The @HiddenCash Twitter phenomenon is bullshit

In recent weeks the Twitter account @HiddenCash has received several hundred thousand followers. As of writing this, it’s over 345K. And most of the feedback it has received is positive.

I hate to be the old-timey Scrouge to the loveable Scrouge McDuck that is this account, but I think it’s bullshit. Considering the class tensions in San Francisco, this kind of social experiment is not what the city needs. It is tone deaf.

 The Premise

The premise is clever, no doubt. An anonymous rich person hides envelopes of money ($100-$200) and hides them. The Twitter account provides scavenger-type hints and the hunt is on. Find the money, take a photo and spread the word about how awesome @hiddencash is!!

I can’t knock the people looking for the hidden cash. Who doesn’t like money? Who hasn’t thought about finding the pot of gold? Who doesn’t like a fun mystery/hunt and this one with a treasure at the end! Huzzah!

But I do not see this as a social experiment for “good” as it is self-described.

1. The people finding this money benefit, but they aren’t the people in San Francisco who are truly in need.

I can imagine the Onion satire of this account. A hint would read: “Find the latest cash drop under the sleeping homeless person!!!!” (Insert Susie Cagle comic image here. Joke credit Greg Thomas from Circa)

Anyone following this account on Twitter with the free time/energy to go for a wild goose chase to find $100 is probably not somebody who needs the charity in any REAL life/death manner.

This is San Francisco. We have a very real and very serious poverty problem. I find it incredibly sad that this rich individual would throw money away without thinking about where it could make a real impact on a person’s life (*taking a selfie with found money is not a real impact*). Even if this person does already give to established charities (and the I believe that is the case – at least according to the word of an anonymous account) thousands of dollars is literally being thrown away. And while it might be insignificant to them, it could mean the difference between a fulfilling life for those in need.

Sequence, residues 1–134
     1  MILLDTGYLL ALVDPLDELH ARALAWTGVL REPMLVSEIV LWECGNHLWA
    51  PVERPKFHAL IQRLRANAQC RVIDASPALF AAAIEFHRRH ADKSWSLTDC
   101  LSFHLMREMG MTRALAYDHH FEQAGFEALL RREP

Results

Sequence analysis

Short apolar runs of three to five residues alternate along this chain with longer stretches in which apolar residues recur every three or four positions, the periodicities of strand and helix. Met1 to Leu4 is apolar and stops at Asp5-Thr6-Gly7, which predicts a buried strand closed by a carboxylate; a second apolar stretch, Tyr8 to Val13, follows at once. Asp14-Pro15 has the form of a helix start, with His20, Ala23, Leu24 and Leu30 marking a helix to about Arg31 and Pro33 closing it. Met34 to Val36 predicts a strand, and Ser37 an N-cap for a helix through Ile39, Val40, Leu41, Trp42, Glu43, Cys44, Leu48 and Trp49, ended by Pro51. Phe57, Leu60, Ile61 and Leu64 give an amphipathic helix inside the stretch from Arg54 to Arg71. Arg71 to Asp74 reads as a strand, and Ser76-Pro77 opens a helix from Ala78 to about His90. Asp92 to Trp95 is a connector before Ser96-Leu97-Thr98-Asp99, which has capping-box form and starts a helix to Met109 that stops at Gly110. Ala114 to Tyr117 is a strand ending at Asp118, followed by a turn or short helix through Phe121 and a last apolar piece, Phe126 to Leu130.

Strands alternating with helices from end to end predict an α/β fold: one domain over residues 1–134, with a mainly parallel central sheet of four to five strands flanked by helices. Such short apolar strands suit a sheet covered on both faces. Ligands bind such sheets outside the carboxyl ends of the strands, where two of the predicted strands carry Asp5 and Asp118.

2. A “Good” act is not for entertainment or to build social media credentials.

The German philosopher Kant argued that a truly good deed has no ulterior motives except to be good itself (or to perform one’s duty).  Similarly he thought that anytime we treat somebody as a means and not an end in themselves – the act is immoral.

At the very least @HiddenCash is spreading the wealth for their own entertainment, not because they want to help people.


An even more malicious interpretation is that @HiddenCash is building up a Twitter account with massive followers to serve his/her own purpose some day in the future. Twitter accounts with 300k followers is worth….. money. Or at the very least power and ego-serving.

Look, I’m not saying this isn’t an interesting experiment. It is. But it’s not an experiment in charity or doing good. Instead, this looks like the experiment of a rich person in SF who is out of touch with what it is to struggle in a city where a class divide is stark and growing.


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